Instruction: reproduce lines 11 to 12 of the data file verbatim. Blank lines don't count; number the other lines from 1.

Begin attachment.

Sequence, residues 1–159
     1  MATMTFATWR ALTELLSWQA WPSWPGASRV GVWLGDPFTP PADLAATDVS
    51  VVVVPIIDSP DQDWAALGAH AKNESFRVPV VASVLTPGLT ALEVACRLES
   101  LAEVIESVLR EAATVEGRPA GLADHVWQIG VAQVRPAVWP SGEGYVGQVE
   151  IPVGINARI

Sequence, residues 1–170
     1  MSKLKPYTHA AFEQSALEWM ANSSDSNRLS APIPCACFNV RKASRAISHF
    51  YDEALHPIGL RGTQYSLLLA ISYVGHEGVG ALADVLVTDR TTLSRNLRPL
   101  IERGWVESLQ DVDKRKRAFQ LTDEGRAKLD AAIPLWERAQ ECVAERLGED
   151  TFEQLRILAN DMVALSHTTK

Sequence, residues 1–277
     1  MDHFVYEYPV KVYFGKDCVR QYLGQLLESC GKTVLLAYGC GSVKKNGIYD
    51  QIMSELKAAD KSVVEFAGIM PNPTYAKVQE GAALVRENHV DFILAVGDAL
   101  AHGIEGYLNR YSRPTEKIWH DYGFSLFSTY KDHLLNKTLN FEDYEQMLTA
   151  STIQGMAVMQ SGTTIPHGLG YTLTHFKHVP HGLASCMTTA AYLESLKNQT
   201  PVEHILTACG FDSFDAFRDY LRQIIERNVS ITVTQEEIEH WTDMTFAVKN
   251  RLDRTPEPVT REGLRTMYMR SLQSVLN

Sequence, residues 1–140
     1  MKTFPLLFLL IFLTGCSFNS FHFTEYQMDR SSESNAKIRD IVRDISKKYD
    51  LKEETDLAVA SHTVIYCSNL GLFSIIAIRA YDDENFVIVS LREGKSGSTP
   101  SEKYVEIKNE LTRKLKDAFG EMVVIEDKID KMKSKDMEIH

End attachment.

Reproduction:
Sequence, residues 1–277
     1  MDHFVYEYPV KVYFGKDCVR QYLGQLLESC GKTVLLAYGC GSVKKNGIYD